Weird Wikipedia Tour of Philly: Baleroy Mansion
For those unfamiliar, Wikipedia is an open source encyclopedia. Given our readers demographic here at The Liberty Line, I’m sure all of you little cheaters have used Wikipedia for every college essay you have ever written, and I certainly don’t blame you. Wikipedia has over six million articles and is a beautiful gift to lazy writers such as yours truly.
Come with me as we journey on Beercan Brain’s Weird Wikipedia tour of Philadelphia
This week’s destination: Baleroy Mansion- The most haunted house in America.
These past few weeks, it feels like all anybody in this city can talk about is booing. Is it right to boo? Is it wrong to boo? Who should you boo? Well let’s talk about a different kind of booing today. The ghostly kind.
“The Baleroy Mansion is a 32-room estate located in the historic and affluent Chestnut Hill section of Philadelphia, Pennsylvania, in the United States. It has obtained the title of “Most Haunted Home in America” due to its alleged infestation of spirits, ghosts, jinns, demons, angels or other supernatural beings. The mansion has been featured in a number of TV shows and books that deal with haunted houses. Others have described it as “the most haunted house in Philadelphia”. The name “Baleroy” was chosen by its owner George Meade Easby, great-grandson of General George Meade (hero of the Battle of Gettysburg during the American Civil War). The estate’s name was likely derived from Balleroy in France.” via Wikipedia
Wild stuff. I personally, had never heard of this place until I absentmindedly googled “Philadelphia Wikipedia hauntings” in response to being berated by Liberty Line boss Drew Smith about my low page views. I figured everyone loves weird Wikipedia articles and man, this one is weird.
It really is crazy how you can live in a city your entire life and never know how close you are to a bunch of ghost celebrities. Not the ghosts of famous people, Los Angeles has those types of ghosts. We have ghosts that got famous for being ghosts which is honestly, the right way for ghosts to gain notoriety.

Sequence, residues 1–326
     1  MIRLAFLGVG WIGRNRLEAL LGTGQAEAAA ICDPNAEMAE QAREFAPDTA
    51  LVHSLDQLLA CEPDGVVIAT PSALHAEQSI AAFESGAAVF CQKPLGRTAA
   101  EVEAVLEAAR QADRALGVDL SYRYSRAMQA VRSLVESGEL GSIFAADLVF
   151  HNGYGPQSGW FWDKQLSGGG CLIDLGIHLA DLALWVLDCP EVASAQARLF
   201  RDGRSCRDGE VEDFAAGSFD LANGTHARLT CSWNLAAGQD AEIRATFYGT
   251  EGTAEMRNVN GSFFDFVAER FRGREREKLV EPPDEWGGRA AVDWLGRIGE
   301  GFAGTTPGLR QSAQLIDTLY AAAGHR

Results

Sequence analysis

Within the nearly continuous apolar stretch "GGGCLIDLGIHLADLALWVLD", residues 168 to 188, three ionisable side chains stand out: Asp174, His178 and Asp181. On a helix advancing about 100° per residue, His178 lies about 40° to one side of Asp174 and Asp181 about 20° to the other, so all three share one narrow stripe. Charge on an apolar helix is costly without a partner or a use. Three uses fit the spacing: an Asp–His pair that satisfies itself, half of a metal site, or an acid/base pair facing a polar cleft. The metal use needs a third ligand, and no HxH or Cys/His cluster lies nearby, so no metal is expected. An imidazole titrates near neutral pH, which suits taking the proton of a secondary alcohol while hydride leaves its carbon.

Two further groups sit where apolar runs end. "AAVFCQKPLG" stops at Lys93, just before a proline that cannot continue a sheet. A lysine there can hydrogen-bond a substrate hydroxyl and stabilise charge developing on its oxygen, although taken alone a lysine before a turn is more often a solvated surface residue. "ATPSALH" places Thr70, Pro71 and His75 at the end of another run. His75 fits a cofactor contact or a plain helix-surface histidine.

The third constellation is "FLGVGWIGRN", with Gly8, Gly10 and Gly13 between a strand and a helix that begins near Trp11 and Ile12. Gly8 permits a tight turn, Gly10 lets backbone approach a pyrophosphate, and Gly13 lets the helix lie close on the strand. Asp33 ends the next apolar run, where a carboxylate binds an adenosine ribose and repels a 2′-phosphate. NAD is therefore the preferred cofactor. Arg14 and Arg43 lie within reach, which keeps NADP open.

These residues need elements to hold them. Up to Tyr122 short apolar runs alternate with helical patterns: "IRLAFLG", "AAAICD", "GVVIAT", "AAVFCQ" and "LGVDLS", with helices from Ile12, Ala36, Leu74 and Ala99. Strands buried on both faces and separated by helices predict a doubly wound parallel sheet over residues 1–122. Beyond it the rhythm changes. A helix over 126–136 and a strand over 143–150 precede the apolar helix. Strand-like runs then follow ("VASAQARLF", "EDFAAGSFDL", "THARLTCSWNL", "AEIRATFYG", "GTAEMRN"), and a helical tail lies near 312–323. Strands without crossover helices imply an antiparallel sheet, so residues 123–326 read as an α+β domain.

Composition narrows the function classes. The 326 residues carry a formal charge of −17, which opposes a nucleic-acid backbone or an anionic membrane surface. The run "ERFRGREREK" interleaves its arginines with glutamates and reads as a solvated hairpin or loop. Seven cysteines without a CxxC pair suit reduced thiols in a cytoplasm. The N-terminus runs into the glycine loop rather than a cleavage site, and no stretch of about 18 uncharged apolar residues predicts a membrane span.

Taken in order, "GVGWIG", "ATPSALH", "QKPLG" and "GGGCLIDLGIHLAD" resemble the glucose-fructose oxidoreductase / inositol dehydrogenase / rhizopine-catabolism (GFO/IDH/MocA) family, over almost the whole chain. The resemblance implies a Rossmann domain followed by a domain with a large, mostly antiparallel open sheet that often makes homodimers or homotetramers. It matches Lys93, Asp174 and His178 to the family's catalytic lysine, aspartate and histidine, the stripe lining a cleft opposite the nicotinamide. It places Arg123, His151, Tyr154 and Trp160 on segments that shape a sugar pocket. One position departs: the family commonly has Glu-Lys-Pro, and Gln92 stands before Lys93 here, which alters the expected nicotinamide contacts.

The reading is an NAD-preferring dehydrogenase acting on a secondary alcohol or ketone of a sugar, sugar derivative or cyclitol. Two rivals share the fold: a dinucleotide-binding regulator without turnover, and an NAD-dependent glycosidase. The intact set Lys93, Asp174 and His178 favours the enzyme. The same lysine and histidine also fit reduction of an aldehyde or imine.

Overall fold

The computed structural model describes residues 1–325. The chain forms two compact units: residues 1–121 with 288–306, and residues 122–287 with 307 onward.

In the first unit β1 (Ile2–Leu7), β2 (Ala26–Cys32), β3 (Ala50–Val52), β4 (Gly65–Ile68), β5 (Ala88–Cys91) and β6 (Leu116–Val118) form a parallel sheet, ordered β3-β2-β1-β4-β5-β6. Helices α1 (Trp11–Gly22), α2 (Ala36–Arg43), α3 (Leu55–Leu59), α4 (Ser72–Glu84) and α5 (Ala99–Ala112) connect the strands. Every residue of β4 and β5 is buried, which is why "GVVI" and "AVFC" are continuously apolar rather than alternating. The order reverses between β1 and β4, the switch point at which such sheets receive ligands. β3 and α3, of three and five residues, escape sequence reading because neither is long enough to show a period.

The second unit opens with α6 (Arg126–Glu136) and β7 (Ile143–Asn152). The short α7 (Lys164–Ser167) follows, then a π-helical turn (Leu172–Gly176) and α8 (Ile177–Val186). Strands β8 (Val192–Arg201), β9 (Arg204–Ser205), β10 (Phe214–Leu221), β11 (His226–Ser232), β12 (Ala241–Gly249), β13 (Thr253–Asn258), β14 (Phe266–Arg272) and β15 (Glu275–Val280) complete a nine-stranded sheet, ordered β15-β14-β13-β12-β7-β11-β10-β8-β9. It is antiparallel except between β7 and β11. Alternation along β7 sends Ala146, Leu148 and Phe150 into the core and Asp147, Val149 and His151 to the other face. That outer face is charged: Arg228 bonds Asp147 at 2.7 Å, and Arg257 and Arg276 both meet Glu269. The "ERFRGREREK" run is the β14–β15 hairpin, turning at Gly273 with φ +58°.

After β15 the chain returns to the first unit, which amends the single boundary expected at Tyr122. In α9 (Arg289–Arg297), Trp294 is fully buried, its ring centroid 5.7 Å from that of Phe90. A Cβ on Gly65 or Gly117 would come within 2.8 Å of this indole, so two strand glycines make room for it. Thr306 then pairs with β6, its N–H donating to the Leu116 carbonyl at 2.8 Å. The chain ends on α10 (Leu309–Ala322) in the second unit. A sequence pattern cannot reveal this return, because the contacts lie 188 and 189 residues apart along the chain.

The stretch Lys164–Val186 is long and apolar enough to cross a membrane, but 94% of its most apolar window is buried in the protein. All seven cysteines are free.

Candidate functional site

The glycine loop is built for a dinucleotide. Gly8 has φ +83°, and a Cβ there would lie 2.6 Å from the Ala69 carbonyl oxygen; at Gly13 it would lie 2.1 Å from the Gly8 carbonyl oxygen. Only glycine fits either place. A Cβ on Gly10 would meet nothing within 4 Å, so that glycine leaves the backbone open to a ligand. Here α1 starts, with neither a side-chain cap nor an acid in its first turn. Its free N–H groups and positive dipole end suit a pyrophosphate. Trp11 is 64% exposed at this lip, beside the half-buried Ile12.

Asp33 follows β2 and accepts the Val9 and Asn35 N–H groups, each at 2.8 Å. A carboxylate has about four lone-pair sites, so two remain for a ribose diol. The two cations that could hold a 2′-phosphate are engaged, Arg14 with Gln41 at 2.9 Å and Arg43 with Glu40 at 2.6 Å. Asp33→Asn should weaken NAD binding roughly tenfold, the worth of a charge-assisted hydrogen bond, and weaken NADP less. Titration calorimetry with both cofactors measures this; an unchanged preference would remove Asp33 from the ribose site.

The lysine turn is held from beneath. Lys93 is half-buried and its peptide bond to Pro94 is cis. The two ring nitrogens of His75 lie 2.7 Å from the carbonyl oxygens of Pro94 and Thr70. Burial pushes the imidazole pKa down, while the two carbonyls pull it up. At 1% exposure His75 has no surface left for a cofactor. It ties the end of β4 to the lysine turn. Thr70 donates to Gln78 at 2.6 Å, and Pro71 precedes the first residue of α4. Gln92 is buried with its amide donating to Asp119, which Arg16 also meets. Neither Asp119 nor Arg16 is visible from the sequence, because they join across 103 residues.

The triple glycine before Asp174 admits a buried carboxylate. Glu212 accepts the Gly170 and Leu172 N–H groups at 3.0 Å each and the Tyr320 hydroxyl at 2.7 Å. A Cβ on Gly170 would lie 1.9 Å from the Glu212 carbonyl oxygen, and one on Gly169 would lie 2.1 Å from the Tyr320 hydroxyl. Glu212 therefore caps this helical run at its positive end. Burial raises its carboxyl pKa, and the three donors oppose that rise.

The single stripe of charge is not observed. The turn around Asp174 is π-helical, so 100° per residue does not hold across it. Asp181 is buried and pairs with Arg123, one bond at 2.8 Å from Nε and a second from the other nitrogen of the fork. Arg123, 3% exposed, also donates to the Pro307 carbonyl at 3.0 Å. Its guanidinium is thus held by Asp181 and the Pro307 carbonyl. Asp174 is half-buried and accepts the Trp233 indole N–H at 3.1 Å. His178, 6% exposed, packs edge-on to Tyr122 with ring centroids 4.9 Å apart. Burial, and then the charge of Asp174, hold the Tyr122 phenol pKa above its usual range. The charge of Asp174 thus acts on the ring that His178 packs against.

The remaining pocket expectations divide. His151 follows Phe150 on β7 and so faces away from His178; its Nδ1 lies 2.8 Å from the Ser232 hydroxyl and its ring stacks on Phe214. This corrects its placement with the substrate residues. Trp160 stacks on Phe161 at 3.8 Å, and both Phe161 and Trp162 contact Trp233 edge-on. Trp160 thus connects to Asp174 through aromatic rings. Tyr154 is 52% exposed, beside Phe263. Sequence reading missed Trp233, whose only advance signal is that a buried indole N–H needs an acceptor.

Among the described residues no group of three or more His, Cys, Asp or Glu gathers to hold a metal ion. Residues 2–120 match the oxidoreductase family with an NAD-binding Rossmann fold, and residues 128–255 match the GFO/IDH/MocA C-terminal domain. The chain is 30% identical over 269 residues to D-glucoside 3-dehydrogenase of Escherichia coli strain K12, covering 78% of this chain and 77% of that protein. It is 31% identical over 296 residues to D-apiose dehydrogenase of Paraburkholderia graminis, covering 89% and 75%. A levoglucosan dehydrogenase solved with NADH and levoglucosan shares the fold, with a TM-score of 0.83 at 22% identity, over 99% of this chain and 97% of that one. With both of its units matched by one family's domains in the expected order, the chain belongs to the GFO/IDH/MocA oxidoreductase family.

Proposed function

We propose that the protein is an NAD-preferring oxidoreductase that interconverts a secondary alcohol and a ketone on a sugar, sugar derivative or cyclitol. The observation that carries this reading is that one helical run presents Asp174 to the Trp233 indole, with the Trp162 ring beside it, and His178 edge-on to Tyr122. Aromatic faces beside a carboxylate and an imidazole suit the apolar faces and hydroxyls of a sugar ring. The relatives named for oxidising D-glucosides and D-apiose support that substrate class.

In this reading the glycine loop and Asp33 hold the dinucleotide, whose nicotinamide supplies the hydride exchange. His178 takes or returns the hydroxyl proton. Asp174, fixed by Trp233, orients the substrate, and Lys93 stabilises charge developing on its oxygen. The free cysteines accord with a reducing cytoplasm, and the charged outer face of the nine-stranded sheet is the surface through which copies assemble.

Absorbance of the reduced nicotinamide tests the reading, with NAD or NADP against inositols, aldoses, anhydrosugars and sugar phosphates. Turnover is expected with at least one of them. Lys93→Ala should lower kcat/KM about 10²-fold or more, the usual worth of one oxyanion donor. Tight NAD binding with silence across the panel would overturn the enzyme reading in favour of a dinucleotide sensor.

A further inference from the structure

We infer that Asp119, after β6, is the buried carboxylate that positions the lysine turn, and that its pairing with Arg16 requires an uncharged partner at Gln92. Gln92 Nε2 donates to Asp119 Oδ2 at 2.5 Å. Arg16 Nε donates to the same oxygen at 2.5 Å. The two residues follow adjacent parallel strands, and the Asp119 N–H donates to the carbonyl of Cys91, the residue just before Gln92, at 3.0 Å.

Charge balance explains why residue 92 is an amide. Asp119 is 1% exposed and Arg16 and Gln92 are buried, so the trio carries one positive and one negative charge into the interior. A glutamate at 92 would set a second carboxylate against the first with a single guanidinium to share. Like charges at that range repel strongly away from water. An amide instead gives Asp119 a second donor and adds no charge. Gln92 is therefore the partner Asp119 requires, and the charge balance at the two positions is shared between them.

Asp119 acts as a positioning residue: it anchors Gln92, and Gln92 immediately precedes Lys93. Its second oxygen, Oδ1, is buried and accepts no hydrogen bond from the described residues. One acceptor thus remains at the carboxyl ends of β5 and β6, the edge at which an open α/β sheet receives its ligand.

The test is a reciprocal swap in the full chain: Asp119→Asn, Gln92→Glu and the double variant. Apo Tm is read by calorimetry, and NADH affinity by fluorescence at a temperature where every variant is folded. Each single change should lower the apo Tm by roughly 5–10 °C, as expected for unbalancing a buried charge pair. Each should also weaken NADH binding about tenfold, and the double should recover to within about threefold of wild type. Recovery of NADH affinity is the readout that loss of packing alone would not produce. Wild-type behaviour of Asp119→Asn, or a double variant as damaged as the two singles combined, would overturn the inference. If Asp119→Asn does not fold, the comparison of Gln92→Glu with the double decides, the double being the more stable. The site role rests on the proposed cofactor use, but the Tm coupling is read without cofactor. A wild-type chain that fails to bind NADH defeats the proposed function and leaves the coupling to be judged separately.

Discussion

The stories from the house are pretty chilling. They start off with this doozy:
“After the Easbys moved into this large and spacious estate in 1926, George Meade Easby and his younger brother (May Stevenson Easby, Jr., 1920-1931) were playing one day in the courtyard of the mansion and laughing at their reflections in the main courtyard fountain, when Steven’s reflection turned into a skull.”
Of course poor May died some unspecified amount of time after he saw his own skull. Talk about a rough hand to be dealt. You start off being a boy named “May.” Then you have to get entertainment from staring at a fountain. And once you start to enjoy that, BAM, you’re staring at the searing spectre of death himself.
Kids 100 years ago had it rough.
Later in the article we find out that “May” prefers to go by Steve and is still haunting the place to this day. Guess he really liked that fountain that showed him his own death.
“Steven’s full-body spirit has been said to haunt his room and that Easby supposedly encountered it when he was a child. A number of people have claimed to have seen the ghost of Steven lurking around them.”
To think we haven’t even talked about the “Chair of death.”
“In the infamous blue room of the mansion, a 200-year-old blue chair known as the “chair of death” is said to be cursed. It has been said that when someone sits in it, the person dies. About four people are said to have died, and Easby then banned people from sitting in the chair. The chair was said to be owned by Napoleon. It has been said that the chair is haunted by the ghost of Amanda, a red mist that is said to kill people who sit in the chair. The chair is said to have been made by an evil warlock in the 18th/19th century.”
What?! Who is accepting a chair made by an evil warlock? And why is the “red mist” named “Amanda.” I guess on top of being evil, the chair is sexist as well. Absolutely gross.
Why would Napoleon go through the trouble of asking a warlock to just make a chair? He probably could have used a heads up about Waterloo. Poor use of resources on his part.
Now if you’re a serious ghostbuster like me, you probably are dying to go check this place out. Unfortunately someone bought it and closed the place to the public.
Why would you buy a place with a bunch of ghouls and that wants to show you your own death? I don’t know. I’m guessing when you can afford a 32-room mansion in Chestnut Hill, you have slightly different concerns than some dead kid saying “Boo.”
Mandatory Credit: thishauntedplace.com